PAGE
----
The anaesthetist in a war zone

It takes a team to save a life in a war zone. Recognising the vital need for anaesthetists in conflict, we developed a bespoke anaesthesia course, to prepare anaesthetists for working in war hospitals. One of our experienced trainers, Dr Hussein Nagi, recently taught anaesthetists from Kuwait who are heading to Palestine. 

Managing pain in different ways

“Treatment and anaesthesia do not end in the operative theatre. In a war zone, you could have a whole ward of people with post-operative pain, for example after amputations. Anaesthetists must do what they can with what they have to continue their care,” shared Dr Nagi in Kuwait.

“A colleague once shared that a boy was screaming in the night with phantom limb pain after getting an amputation, he was shouting ‘my toe is hurting’. His toes were not there.

They found a stock of epidural kits in their hospital (for maternal care) and gave it to him through a catheter – the boy was almost pain free. You can resolve severe pain, by nerve blocking, with a range of drugs. You just need to be able to adapt to your environment.”

Our course teachers share tips and tricks just like this, with the goal of making anaesthetists adaptable to the challenges of a conflict-affected environment.

The science behind war

A trainee from Kuwait, during our latest HEST-A course in the Middle East, shared: “The trainers were combining their war experience with theoretical teaching, which added a lot to the course – showing us what to expect.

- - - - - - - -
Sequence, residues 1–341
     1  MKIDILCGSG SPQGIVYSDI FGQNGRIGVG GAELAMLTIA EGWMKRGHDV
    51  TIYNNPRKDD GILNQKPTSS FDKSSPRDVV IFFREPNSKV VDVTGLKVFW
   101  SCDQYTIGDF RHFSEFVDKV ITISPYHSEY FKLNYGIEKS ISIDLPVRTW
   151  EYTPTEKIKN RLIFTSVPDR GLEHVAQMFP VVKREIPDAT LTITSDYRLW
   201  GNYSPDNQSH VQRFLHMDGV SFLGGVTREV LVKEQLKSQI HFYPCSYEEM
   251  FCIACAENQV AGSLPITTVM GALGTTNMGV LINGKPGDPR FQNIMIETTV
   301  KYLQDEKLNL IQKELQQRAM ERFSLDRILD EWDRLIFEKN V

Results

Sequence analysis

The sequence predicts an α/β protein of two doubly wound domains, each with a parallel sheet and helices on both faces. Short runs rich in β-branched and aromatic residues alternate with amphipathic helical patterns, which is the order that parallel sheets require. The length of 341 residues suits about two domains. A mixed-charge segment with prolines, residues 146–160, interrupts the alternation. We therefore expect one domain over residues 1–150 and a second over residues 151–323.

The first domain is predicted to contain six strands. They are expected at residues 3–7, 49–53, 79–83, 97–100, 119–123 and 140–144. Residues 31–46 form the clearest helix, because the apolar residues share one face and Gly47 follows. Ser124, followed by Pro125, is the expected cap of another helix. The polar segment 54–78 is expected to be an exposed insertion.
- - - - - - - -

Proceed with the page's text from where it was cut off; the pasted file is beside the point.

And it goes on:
There were three main sessions that I learned the most from. Damage control, the ballistics science behind bullets and bombs, and the chemical weapons session. They’re not taught during medical training so knowing more about them, how to deal with these situations, understanding the science to then anticipate what we may meet in A and E, was the highlight of the course.”

Triage is critical

“It was an impressive course. The most interesting part for me was the triage, and making decisions using the information we have learned over years in studies, but applying it to a conflict zone.

You have to adjust and accommodate to different situations, especially areas where you don’t have all the resources.

Gaza today urgently needs resources, food, water, equipment and man power. From what we hear from doctors on the ground, medical resources are much needed. It is very desperate.”

We have trained over 80 surgeons and anaesthetist in the UK and Kuwait who have, or intend to, volunteer their skills in Palestine’s frontline hospitals. We will continue to upskill doctors in support of the people of Gaza.